They Desire to Honor their Mentors
This is more often the case than not. Sure there are some bitter, loud and angry people out there. There are some young angry people and there are some old angry people. They are the ones who seem to get all of the attention. However, just because there is a loud and bitter minority who feel obligated to bash those with whom they disagree, doesn’t mean that all young ministry leaders feel the same way. We desire to honor those who have invested into us the Gospel of Jesus Christ. Truthfully, it’s easier for me to do than for others for one simple reason. My mentor, David Teis, treats me in such a way that it is easy to honor him. He doesn’t question my motives though he does privately question my thoughts and decisions. He doesn’t label me as immature simply because I may do something in our church that he chooses not to do. He doesn’t point to the “old paths” of some movement but to the old book of Christianity. The majority of young ministers desire to honor their mentors but their mentors make it nigh impossible because they still don’t see that the child in front of them has grown into a man of God.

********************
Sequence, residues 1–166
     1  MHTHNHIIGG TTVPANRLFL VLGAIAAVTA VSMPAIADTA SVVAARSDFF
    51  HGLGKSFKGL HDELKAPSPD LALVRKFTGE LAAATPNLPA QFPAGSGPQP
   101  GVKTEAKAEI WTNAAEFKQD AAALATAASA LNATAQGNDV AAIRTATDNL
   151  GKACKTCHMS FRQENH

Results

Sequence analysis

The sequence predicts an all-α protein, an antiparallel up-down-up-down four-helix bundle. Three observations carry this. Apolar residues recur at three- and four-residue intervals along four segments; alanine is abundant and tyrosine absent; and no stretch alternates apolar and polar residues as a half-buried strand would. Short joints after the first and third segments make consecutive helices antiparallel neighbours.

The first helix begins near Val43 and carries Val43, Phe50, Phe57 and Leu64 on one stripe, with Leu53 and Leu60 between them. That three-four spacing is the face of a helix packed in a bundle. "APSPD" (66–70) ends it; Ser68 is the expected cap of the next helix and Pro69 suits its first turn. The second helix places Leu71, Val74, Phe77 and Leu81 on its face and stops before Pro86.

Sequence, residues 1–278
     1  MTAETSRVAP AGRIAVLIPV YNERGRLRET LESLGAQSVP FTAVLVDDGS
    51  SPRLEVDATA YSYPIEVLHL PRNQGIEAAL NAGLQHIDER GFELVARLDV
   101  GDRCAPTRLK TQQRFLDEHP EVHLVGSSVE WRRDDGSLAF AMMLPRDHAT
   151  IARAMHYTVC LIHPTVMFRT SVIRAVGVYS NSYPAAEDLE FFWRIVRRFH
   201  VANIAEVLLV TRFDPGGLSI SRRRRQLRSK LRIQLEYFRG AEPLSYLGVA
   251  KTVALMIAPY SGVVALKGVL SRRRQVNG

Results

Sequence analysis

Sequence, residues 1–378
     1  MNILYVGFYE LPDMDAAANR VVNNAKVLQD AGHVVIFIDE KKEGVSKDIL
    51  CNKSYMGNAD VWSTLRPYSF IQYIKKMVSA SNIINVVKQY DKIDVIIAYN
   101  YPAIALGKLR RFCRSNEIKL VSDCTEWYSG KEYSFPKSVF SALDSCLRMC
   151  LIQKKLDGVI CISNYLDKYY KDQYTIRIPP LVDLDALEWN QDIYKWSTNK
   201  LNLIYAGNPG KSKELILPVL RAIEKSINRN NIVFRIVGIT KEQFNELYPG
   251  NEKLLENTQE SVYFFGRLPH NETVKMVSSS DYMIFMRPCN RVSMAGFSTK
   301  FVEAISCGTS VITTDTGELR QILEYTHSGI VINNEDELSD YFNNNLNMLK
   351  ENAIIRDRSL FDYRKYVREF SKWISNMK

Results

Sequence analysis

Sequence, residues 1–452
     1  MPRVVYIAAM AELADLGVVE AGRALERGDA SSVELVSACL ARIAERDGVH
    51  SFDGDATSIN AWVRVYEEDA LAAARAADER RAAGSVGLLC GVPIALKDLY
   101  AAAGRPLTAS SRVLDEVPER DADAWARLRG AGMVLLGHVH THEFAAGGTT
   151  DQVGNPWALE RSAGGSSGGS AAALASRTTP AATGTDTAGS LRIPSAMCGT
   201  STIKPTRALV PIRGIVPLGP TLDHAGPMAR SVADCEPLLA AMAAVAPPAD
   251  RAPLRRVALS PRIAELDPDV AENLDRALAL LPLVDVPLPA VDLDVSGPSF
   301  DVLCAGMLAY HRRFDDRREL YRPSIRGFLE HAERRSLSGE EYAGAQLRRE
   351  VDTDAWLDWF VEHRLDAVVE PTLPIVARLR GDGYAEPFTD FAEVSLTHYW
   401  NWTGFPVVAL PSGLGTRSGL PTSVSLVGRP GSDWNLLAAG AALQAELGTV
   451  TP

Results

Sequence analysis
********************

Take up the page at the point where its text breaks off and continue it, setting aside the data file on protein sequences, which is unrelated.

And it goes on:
They Desire to Follow the Holy Spirit
The guys I know are doing what they’ve always been taught. They search the Scriptures! When they hear a theological dispute, they go to the Scriptures. When they think about implementing a new method, they go to the Scriptures. However, the Scriptures are silent in some areas and vague in others. Though the Bible is very clear in the matters of lying, killing and adultery it is more ambiguous when it speaks to dress, music and entertainment. Therefore, where the Scripture is ambiguous the Spirit is specific. (I wrote about this here:Who Pastors the Pastor